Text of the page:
Yongey Mingyur Rinpoche was born in the Himalayan border regions between Tibet and Nepal. His book, The Joy of Living: Unlocking the Secret and Science of Happiness, debuted on the New York Times bestseller list and has been translated into over twenty languages. In early June, 2011, Mingyur Rinpoche walked out of his monastery in Bodhgaya, India and began a 'wandering retreat' that lasted four and a half years. Helen Tworkov is the founder of Tricycle: The Buddhist Review and author of Zen in America: Profiles of Five Teachers. She has studied in both the Zen and Tibetan traditions. She began studying with Mingyur Rinpoche in 2006 and worked with him on Turning Confusion into Clarity, A Guide to the Foundation Practice of Tibetan Buddhism.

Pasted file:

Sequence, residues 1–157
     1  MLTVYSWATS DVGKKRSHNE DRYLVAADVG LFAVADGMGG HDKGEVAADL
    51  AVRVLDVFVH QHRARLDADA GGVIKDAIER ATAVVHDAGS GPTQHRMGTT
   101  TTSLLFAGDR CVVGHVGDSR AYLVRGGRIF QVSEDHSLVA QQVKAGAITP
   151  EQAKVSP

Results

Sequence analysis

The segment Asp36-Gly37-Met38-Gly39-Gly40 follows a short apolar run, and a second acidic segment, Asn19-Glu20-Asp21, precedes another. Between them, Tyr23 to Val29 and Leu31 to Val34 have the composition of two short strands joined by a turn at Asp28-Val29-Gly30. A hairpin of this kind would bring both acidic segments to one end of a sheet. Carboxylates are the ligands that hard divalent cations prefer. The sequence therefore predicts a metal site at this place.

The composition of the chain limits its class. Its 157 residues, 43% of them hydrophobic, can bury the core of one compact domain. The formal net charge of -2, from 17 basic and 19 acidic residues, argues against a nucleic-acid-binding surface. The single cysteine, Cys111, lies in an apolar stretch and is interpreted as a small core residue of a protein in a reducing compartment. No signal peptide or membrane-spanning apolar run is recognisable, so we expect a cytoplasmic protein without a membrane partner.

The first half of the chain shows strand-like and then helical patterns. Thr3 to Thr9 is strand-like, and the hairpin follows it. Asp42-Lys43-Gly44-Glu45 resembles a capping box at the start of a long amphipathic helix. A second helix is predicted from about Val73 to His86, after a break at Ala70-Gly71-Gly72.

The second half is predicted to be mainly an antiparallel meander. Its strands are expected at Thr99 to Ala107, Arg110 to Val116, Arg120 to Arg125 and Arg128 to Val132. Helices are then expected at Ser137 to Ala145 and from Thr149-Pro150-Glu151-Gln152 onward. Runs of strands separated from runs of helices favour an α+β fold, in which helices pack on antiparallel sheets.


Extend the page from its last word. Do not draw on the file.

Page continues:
This book makes me think enlightenment is possible and necessary. -- <b>Russell Brand</b> One of the most generous, beautiful, and essential books I've ever read - thoroughly engaging, so clear, so honest, so courageous and full of wisdom. This book has the potential to change the reader's life forever. -- <b>George Saunders, Booker Prize-winning author of <i>Lincoln in the Bardo</i></b> I loved this book. It is moving and inspiring, profound and utterly human. It will certainly be a classic. Mingyur's life-changing adventure carries us with him and teaches us how to find the unshakable heart amidst it all. -- <b>Jack Kornfield, author of <i>A Path With Heart </i></b> One of the most inspiring books I have ever read. -- <b>Pema Choedroen, author of <i>When Things Fall Apart</i></b> One of the most inspiring books of our times. An extraordinary testimony and a profound teaching that keeps you reading with wonderment, page after page. -- <b>Matthieu Ricard, author of </b><b><i>Happiness: A Guide to Developing Life's Most Important Skill </i>and </b><b><i>Altruism: The Power of Compassion to Change Yourself and the World</i></b> This is an extraordinary book. A gripping narrative of how the process of dying, letting go of our fixed selves and constraining habits, can liberate the human spirit and promote flourishing, this book has something profoundly important to teach each of us. -- <b>Richard J. Davidson, best-selling author of <i>Emotional Life of Your Brain</i>, co-author of <i>Altered Traits</i>, and Founder and Director, Center for Healthy Minds, University of Wisconsin-Madison</b> In this vivid, compelling account, Mingyur Rinpoche reveals his own struggle and awakening as he faces the loss of worldly identity and the threat of dying itself. This book is a rarity in spiritual literature: Reading the intimate story of this wise and devoted Buddhist monk directly infuses our own transformational journey with fresh meaning, luminosity and life. -- <b>Tara Brach, author of <i>Radical Acceptance </i>and<i> True Refuge</i></b> This book will change many lives. -- <b>Tara Bennett-Goleman, author of <i>Emotional Alchemy</i></b> This artfully told spiritual adventure casts a spell-you can't put it down, and you don't want it to end. I recommend it without reservation: I bet you'll love it, too. -- <b>Daniel Goleman, author of <i>Emotional Intelligence</i></b> In his book, Yongey Mingyur Rinpoche gifts us with more than just a mesmerizing read. As Rinpoche narrates his spiritual journey, he lays bare his early hopes and aspirations, his doubts, indignities, bodily and emotional suffering, and his vulnerabilities. He offers these with great skill, clarity, and love to encourage and inspire us to travel our own spiritual journeys. -- <b>Sharon Salzberg, author of <i>Lovingkindness</i> and <i>Real Love</i></b> A rollicking travelogue...this slim book also moved me, and left me with a better appreciation of Tibetan Buddhism than so many weightier tomes that I've struggled to understand. -- <b>Barbara Demick, Baillie Gifford award-winning author of <i>Nothing to Envy</i></b>